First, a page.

The (unexpected) health benefits of swearing
Do you swear like a trooper? Fear not, enthusiastically embracing profanity might be your best health move yet.
From the likes of Gordon Ramsay, to those who would struggle with the word “bloody”, everyone has an idea of what is acceptable when it comes to swearing.
But there is every chance what we believe may be wrong, Monash University linguistics professor Kate Burridge says.
“Many of us believe that habitual swearing is linked to low intelligence, but plenty of studies show it’s actually linked to higher than average intelligence,” Professor Burridge says.
“It’s to do with fluency – those who are well-educated have more words at their disposal than those who are less verbally fluent, and they are far more creative with them.”
Showcasing your intelligence and creativity might be an excellent start but, luckily, there are also health benefits you can count on, too.
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Swearing helps us cope with challenging moments
Why do we feel the urge to swear during overwhelming times?
One thing’s for sure, swearing helps reduce stress levels faster, scientist Dr Emma Byrne says.
“Studies show that when you put people in stressful situations and tell them they can’t swear, their stress increases and their performance is negatively impacted,” the author of Swearing is Good For You says.
Dr Byrne and Prof Burridge point to studies where surgeons and pilots, who are allowed to swear on the job, perform better in difficult situations than those who are not able to.
“It’s the cathartic effect of a well-placed expletive – a feeling that you’ve done something considered taboo – that gives emotional release,” Prof Burridge says.
“In fact, while the disturbing black box recordings of air-crash pilots show plenty of swear words early on in the recording, they are often absent from the final utterances just before the black box flight recorder cuts out.”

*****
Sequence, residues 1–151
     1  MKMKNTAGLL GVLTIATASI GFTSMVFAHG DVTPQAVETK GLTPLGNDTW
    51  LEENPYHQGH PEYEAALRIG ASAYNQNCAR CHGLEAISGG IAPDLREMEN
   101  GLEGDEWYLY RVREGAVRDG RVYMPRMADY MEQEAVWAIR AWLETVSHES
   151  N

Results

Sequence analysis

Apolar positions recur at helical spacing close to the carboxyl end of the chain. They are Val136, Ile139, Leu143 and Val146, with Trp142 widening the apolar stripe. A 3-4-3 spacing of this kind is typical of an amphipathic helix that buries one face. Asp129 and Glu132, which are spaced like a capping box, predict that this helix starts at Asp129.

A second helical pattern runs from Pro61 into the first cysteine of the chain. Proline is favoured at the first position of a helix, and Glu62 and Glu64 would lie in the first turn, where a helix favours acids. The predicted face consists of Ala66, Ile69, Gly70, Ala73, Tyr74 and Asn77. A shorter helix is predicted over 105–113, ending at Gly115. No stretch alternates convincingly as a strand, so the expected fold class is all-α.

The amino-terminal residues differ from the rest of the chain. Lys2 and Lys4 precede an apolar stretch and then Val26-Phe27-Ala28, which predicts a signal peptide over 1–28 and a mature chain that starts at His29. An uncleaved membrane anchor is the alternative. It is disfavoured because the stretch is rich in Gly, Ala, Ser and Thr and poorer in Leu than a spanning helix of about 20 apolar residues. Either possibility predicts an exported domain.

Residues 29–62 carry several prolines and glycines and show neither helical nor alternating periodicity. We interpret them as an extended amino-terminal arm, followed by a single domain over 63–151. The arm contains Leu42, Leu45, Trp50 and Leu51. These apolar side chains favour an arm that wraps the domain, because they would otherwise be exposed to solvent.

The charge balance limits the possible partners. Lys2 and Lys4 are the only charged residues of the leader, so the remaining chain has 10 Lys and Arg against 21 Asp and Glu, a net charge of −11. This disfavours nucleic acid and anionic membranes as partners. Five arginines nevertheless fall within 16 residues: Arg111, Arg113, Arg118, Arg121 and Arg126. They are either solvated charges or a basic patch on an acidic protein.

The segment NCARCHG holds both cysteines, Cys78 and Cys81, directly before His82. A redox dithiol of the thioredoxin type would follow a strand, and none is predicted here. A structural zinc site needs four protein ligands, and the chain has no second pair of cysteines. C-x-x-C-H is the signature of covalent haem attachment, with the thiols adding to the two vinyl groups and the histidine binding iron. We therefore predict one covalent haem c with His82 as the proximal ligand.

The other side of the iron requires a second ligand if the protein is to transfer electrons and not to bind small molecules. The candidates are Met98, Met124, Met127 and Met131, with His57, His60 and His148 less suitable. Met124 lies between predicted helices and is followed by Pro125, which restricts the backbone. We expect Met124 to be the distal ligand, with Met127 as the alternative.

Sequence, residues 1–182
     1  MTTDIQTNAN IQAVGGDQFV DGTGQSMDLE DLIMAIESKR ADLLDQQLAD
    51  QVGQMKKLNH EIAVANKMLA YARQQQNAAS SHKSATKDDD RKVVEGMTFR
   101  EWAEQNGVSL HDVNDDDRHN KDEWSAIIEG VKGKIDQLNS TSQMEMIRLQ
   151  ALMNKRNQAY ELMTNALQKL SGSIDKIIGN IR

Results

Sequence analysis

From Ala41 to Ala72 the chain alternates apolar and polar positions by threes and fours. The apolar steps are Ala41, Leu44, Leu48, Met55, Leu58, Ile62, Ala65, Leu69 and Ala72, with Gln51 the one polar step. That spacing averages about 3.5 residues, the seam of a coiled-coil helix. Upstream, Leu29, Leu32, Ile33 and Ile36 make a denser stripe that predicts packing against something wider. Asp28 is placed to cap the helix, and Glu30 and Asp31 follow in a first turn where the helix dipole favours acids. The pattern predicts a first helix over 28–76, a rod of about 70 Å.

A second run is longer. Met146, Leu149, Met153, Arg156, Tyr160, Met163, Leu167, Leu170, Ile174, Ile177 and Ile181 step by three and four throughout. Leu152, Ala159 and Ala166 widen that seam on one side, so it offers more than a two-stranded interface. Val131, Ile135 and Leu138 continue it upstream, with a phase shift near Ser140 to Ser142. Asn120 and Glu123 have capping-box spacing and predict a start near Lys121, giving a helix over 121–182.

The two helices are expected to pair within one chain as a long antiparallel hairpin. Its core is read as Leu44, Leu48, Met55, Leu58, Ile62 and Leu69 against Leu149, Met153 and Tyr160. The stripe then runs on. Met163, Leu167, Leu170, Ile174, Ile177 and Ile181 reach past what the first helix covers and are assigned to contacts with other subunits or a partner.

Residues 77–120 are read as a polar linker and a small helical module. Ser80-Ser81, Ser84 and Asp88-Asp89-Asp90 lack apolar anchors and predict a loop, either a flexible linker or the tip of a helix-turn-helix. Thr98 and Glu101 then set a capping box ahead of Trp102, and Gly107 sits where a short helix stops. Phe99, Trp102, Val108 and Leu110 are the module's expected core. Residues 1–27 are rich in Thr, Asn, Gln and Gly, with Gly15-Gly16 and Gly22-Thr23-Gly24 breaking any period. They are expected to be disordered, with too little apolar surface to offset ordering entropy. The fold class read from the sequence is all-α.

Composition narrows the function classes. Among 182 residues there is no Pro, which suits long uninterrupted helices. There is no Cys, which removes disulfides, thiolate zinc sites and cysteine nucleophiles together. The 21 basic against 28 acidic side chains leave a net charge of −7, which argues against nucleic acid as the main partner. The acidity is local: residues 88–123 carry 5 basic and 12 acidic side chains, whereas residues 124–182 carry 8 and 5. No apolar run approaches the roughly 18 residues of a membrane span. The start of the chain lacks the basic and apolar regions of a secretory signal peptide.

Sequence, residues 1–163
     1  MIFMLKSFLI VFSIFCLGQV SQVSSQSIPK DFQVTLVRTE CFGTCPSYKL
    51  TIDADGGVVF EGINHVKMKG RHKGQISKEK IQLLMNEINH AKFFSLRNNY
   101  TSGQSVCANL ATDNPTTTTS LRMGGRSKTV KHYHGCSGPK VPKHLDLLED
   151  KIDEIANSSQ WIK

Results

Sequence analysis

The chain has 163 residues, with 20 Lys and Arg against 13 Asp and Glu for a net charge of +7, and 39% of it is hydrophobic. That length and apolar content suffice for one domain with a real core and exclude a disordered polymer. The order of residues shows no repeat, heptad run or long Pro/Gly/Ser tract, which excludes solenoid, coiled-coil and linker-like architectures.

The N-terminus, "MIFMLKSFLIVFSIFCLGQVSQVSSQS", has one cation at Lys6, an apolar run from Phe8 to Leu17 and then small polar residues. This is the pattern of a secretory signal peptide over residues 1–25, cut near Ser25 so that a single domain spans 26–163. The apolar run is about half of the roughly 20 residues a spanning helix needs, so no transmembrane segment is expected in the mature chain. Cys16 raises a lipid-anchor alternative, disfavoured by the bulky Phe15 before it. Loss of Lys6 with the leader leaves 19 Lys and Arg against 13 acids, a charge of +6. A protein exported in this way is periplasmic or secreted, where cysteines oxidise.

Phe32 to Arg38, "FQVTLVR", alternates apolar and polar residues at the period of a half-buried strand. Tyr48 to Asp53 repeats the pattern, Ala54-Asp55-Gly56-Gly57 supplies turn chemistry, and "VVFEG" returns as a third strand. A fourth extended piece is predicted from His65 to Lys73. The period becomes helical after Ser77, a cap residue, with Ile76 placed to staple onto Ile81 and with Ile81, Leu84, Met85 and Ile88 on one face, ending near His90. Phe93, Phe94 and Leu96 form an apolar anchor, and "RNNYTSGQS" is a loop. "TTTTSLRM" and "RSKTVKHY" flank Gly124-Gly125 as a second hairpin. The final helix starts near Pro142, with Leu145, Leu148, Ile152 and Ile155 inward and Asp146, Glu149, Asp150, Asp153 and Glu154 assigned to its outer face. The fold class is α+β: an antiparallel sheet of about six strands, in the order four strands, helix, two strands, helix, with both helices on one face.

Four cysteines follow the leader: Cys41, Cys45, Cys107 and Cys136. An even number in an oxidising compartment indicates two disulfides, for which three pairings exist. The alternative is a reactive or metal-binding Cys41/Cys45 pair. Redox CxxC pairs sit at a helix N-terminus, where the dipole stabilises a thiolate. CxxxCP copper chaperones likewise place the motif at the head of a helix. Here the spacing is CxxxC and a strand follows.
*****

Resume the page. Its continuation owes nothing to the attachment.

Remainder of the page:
Swearing is good for social bonding
A New Zealand study found swearing at work can create a sense of solidarity between colleagues.
“When we use swearing on purpose, we’re often deliberately taking a bit of a risk,” Dr Byrne says.
“You see this particularly in societies where jocular abuse (or banter) is common.
“We’re saying, ‘I trust that you trust me enough to know that I’m not really being an a——e right now’.
“When it’s judged correctly, jokey swearing increases the feeling of trust and group cohesion.”
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Swearing can help relieve pain
Slam your finger in a door and you’re better off screaming an obscenity rather than a well-placed ouch. In a study by Keele University, participants were asked to plunge their hand into a tub of iced water and hold it there.
Those who were allowed to swear during the experiment were able to withstand the pain, and hold their hand in the tub for longer, than those who could not.
“What’s interesting with this one is that the effect was diminished in those who were habitual swearers – Gordon Ramsay, for example, wouldn’t see any pain reduction in a similar scenario, but someone who swears occasionally or rarely, would,” Prof Burridge says.
Written by Dilvin Yasa.